It is interesting that the helmet was buried on a terrace with an impressive view over the landscape.  Perhaps that just happened to be the owner’s favourite spot, where he liked to stand and survey his domain (or just admire the view) and so it was a suitable place for a memorial.  However, it does remind me of the location of some Bronze Age tumuli, such as the one on nearby Wild Boar Fell which is placed not on the broad flat summit of the fell (where it would be invisible except to someone right on the summit plateau), but at the break of slope on the edge of the summit ridge, where it commands a wide view and is visible on the skyline to someone looking up from the valley below. There is a theory that some of these tumuli were positioned as a claim of ownership over the lands that could be seen from them, and I wonder if the burial spot for the Crosby Garrett helmet could have been chosen for the same sort of reason.   

Map link: Wild Boar Fell

As well as the helmet’s age, the second issue that caught my attention is the presence of what appears to be a substantial, previously unknown, Roman-period settlement in the upper Eden Valley, presumably with considerable wealth as the Crosby Garrett helmet must have been an expensive and prestigious item.  The hut circles suggest that traditional building forms were in use, yet the titulus may indicate familiarity with Roman military techniques and a willingness to adopt those that were considered useful.  The presence of the Crosby Garrett helmet indicates some sort of connection with an elite Roman cavalry unit.  The connection could be merely one of loot, or possibly a one-off trade transaction, if someone happened to see the helmet, liked the look of it and bought it. Or it may indicate some more substantial relationship. Cavalry auxiliaries in the Roman army were routinely recruited from the provinces.  Perhaps someone from the Crosby Garrett settlement served as a Roman cavalry auxiliary and brought his prestige sports helmet home when his service was finished, or perhaps a cavalryman serving at one of the Roman forts in the area married a local girl and settled down with her.  There may also be a possibility that the settlement supplied the Roman army with something.  It’s not difficult to imagine a retired cavalryman taking up horse-breeding and horse-training, and supplying cavalry mounts to his former colleagues as a profitable business.  As the helmet is second- or third-century and the Roman coins are fourth-century, it may indicate a long-term connection between the Crosby Garrett settlement and the Romans, perhaps extending over several generations.  Again, it is not hard to imagine a family developing a tradition of sons and grandsons serving in their fathers’ and grandfathers’ old cavalry unit, and/or supplying horses to it, although this is pure speculation.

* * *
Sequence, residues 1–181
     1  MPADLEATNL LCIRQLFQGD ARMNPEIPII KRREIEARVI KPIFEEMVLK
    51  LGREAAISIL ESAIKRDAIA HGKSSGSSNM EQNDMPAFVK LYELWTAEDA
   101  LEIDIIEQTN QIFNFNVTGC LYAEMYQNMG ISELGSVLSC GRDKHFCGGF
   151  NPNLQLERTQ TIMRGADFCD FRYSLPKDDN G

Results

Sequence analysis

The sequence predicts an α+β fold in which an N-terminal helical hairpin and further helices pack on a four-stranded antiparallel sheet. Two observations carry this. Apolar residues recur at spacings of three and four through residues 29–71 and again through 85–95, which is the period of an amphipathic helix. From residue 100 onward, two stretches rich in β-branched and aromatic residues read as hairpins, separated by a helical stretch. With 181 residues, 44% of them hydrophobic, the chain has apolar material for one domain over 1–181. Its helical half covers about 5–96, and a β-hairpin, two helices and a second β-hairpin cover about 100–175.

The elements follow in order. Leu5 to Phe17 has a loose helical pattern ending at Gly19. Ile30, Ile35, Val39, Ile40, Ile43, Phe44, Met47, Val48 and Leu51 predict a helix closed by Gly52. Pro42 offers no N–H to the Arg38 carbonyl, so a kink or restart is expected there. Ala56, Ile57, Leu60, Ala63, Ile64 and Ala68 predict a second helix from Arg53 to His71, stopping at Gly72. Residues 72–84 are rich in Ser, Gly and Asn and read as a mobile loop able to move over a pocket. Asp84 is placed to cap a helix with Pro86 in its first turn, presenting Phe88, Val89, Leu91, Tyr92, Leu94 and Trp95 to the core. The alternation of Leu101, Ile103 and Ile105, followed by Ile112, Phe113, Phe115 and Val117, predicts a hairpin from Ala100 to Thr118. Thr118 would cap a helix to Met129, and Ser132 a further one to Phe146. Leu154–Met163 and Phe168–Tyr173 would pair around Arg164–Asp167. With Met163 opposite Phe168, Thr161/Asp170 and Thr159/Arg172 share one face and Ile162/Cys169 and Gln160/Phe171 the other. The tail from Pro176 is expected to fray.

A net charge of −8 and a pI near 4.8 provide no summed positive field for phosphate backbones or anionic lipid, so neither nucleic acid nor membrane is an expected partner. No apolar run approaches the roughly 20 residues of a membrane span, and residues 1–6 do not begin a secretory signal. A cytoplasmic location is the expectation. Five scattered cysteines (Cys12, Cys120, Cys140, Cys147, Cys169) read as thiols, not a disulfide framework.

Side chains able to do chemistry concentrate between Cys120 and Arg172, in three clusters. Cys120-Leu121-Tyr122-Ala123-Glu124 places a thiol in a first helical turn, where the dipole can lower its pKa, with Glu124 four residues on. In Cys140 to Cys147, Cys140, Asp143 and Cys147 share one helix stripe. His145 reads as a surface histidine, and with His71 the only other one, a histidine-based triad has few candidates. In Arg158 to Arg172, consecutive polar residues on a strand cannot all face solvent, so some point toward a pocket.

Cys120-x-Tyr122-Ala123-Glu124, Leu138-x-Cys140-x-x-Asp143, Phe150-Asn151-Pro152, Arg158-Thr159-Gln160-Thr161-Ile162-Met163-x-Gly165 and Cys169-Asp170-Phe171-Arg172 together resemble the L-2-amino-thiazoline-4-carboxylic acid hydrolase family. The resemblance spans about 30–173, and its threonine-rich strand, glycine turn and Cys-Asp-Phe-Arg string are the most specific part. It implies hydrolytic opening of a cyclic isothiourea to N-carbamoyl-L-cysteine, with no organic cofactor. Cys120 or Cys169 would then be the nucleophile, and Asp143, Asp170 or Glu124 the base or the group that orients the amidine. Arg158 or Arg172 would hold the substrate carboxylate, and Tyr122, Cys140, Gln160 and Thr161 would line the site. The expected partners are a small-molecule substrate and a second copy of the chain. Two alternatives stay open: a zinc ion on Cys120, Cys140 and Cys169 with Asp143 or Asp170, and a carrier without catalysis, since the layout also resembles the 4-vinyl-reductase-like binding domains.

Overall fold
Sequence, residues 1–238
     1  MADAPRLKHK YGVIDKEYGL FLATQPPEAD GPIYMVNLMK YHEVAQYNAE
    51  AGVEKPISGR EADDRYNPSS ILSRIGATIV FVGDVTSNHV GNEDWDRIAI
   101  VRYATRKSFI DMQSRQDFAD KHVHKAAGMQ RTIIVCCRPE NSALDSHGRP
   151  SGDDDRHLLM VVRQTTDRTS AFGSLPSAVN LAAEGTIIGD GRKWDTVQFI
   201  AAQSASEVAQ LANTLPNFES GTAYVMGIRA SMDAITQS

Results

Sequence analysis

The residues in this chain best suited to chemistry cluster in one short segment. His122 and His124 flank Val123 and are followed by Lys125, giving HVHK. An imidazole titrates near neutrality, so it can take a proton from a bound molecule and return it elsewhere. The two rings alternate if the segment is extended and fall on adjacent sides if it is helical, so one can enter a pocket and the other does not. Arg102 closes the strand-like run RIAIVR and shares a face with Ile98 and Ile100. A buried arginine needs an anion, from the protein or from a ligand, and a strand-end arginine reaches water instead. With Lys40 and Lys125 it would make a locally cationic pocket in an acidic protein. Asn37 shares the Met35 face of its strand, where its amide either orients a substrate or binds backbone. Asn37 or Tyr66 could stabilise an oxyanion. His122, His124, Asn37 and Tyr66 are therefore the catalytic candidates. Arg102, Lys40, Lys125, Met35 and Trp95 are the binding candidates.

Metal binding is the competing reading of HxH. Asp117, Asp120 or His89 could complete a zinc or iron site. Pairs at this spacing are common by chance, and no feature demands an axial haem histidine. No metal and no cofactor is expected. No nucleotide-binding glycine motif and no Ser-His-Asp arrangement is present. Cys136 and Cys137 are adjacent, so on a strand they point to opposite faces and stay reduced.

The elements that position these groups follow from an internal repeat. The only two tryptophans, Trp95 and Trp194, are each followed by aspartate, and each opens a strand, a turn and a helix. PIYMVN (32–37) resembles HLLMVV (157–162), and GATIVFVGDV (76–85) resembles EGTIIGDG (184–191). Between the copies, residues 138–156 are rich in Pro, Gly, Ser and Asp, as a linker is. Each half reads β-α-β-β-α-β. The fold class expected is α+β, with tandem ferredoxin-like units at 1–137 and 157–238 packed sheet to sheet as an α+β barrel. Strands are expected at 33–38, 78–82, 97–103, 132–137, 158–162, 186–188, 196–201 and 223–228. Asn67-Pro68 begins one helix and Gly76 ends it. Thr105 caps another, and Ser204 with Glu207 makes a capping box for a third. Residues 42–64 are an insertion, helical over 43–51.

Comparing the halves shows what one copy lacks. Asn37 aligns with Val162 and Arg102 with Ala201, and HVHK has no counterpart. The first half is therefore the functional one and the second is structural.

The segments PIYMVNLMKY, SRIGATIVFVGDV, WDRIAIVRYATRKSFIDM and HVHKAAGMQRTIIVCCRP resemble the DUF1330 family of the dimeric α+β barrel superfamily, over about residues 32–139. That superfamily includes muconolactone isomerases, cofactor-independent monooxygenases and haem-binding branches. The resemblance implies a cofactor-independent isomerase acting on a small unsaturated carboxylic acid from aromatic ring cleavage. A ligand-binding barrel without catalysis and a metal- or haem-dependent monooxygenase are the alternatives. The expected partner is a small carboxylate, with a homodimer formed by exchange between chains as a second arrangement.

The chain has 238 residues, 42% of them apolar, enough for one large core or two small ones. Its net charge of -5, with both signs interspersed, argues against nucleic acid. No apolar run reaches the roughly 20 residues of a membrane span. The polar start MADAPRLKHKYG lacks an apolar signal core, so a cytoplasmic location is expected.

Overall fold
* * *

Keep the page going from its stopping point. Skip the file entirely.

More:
Speculating further, one of the models for the transition from Roman administration to small post-Roman kingdoms postulates that some Roman fort commanders may have become local warlords as central authority broke down, supporting themselves by collecting supplies from the local population instead of taxes when the salary payments stopped arriving.  Such a process would have been smoother – indeed, may have been effectively underway long before the formal end of Roman rule – if local Roman commanders were already closely integrated with the local tribal leaders.  If the finds at Crosby Garrett do indicate an important local settlement with strong ties to the Roman army, it would fit easily into this sort of model.  It may even be significant that Crosby Garrett is in the Eden Valley, which is one of the (many) candidates for the location of the sixth-century kingdom of Rheged (see earlier posts on the location of Rheged here and here). I need hardly say that this is so tenuous that it doesn’t even qualify as speculation.  Nevertheless, the idea that the heroes of sixth-century Rheged might have had some distant connection with the Roman elite cavalryman who owned the spectacular Crosby Garrett helmet has a certain romantic appeal.

Breeze DJ, Bishop MC (Eds). The Crosby Garrett Helmet. The Armatura Press, ISBN 978-0-9570261-7-9 (£5). Excerpt available online.
Jackson R. Roman Cavalry Sports helmet from Crosby Garrett, Cumbria. Report for the Portable Antiquities Scheme, 2010. Available online